Prince Michael Bates, reigning monarch of the Principality of Sealand, has a unique plan if the British Navy rolls up to reclaim his micronation off England's coast: bring out his best china and make them a nice cup of tea.
His family's kingdom, which has just one permanent resident, was declared an independent state in 1967 by his father, Roy Bates —an enterprising, swashbuckling World War II veteran. Sealand's brief history is packed with tales of piracy, coups, countercoups, rogues and off-shore Internet hijinks.
What is Sealand?
Sealand, which has a land mass the size of roughly two tennis courts, got its start as "His Majesty's Roughs Tower." It was a hastily constructed artillery fort built in the North Sea during World War II. Marines manned it during the war to shoot down German warplanes flying bombing raids on London.
By the 1960s, the North Sea was the center of the burgeoning unlicensed commercial radio business in the U.K. The BBC, which had a monopoly on broadcasting in Britain, gave rock bands just an hour of airtime a week. Pirate radio stations filled the gap in the market and launched on ships and old forts.
Bates took over a North Sea fort in 1965 and set up Radio Essex, Britain's first 24-hour pirate radio station. Soon after, the British government enacted a law rendering pirate radio illegal. Bates was forced to shut down Radio Essex, but he came up with an even more audacious plan.
He seized Roughs Tower, which was outside U.K. territorial waters, and on Sept. 2, 1967, his wife's birthday, he declared it an independent state: Sealand. Bates declared himself prince and his wife, Joan, princess.
"It was, of course, a hugely romantic gesture to make my mother a princess," Prince Michael said.
Prince Roy, Princess Joan and their two children, Michael and Penny, set up a home on Sealand. Despite their titles, it was not a cushy life.
"It was freezing cold, and it had no electricity," Princess Penny said. "To flush a toilet, you'd have to chuck a bucket over the side, drop it down about 80 feet, pull it up, and flush the toilet."
The challenges of running the world's tiniest state
The Bates family had ambitions to turn Sealand into a tax haven, a luxury island, and a casino. They went all-in on the trappings of statehood, fashioning a flag, stamps, currency, an anthem and even a national motto: E mare libertas, or "From the sea, freedom."
They also dealt with periodic invasion attempts from rivals and buccaneers. Teenaged Michael and Penny would fire off warning shots and toss Molotov cocktails overboard to defend their home.
The rogue state remained a nuisance to the British government. The British Ministry of Defence even had secret plans, now declassified, to take Sealand by force..
But it wasn't just the British government that wanted to dislodge the family. In August 1978, a band of rogue German and Dutch lawyers and diamond merchants launched a coup d'état with designs of founding their own offshore casino. They arrived by helicopter with a film crew in tow, taking Prince Michael by surprise.
"They tied my elbows together, my knees together, my feet together, my hands down to my knees," he said. "And they picked me up, and one said to the other in German, 'Let's chuck this bastard over the side. He's too much trouble.'"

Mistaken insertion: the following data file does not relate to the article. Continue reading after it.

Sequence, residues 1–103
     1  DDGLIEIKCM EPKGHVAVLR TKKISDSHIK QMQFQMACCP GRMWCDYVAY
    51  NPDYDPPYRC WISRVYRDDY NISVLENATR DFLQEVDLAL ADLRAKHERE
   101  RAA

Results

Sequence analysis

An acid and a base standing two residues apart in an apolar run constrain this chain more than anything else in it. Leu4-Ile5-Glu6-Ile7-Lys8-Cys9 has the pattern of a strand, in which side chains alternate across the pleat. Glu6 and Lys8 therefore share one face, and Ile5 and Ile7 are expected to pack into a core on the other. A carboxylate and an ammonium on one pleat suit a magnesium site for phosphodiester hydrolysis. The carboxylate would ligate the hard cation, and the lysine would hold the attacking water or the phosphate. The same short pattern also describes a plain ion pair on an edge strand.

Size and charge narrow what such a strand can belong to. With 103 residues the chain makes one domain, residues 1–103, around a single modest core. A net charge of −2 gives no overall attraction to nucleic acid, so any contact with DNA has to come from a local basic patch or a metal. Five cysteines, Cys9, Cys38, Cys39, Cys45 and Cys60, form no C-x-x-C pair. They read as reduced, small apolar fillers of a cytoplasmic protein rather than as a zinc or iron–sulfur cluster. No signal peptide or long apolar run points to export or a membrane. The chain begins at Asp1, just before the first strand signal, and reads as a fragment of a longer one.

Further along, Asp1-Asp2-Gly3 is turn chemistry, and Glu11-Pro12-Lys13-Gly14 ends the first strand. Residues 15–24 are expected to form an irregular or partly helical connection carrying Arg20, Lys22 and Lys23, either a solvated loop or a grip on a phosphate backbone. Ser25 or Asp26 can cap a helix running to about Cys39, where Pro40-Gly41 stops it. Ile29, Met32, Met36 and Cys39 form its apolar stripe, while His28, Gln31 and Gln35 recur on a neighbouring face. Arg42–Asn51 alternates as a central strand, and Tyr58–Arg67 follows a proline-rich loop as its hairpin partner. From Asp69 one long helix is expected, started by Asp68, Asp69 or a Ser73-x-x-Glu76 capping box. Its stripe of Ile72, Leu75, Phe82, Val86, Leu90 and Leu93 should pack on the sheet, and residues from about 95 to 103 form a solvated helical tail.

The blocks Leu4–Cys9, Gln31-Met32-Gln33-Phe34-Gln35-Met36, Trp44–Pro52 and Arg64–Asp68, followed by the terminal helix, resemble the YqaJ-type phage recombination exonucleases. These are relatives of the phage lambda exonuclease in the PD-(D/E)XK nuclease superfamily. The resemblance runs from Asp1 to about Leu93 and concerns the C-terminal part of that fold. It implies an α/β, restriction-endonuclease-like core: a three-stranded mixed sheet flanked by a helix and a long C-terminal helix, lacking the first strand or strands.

Prince Michael was released three days later. He and his father Prince Roy returned via helicopter, fully armed, and flanked by a group of bruisers, to take back Sealand. Prince Michael swung down a rope carrying a sawed-off shotgun.
"I jump, and landed crash in the middle of the Germans," he said.
They disarmed the plotters and released all of them except for one man, a German citizen named Putz. He held a Sealand passport, so he was tried for treason. Putz was made to clean the bathroom and make coffee. He was also hit with a $37,000 fine.
His imprisonment brought a German diplomat to Sealand, which Prince Michael considers to be "de facto recognition" of his nation by another country.
An international treaty signed in the 1930s established four requirements for statehood: one is recognition by another state. Sealand had already met the others: it had a government, a defined territory, and a permanent population.
Today, Sealand's permanent population is mostly just one man, Mike Barrington.
Barrington wears many hats on Sealand. He does electrical and engineering work, but he also handles immigration, customs and homeland security. He said he's ready to bear arms and defend Sealand if need be. Just who is he protecting Sealand from?
"Well, the British government or anybody else that decides to take us over," said Barrington. "We are a country, after all, a small nation."
While Barrington lives on Sealand, the royal family lives in the small English resort town of Southend-On-Sea. Prince Michael's sons, James and Liam, run a business harvesting cockles.
The royal family tried to turn Sealand into an offshore data haven in the early 2000s. They partnered with fringe internet entrepreneurs and hosted gambling and porn sites, Prince James said.
"We had a few dubious people asking us to do things that we didn't really agree with," Prince James said. "There was an organ transplant company, like, human organs, that wanted to host out here, which my father was against."
That venture failed dismally, but to keep Sealand afloat, they sell noble titles online.
People can become a lord or lady of Sealand for $29.99. The highest available title, duke or duchess, retails for $622. Prince Liam says people buy the titles for a variety of reasons.
"I think it means so many things to so many different people," he said. "Some people love the act of political defiance. Some people love the love story that ran through it with my gram and grandpa."
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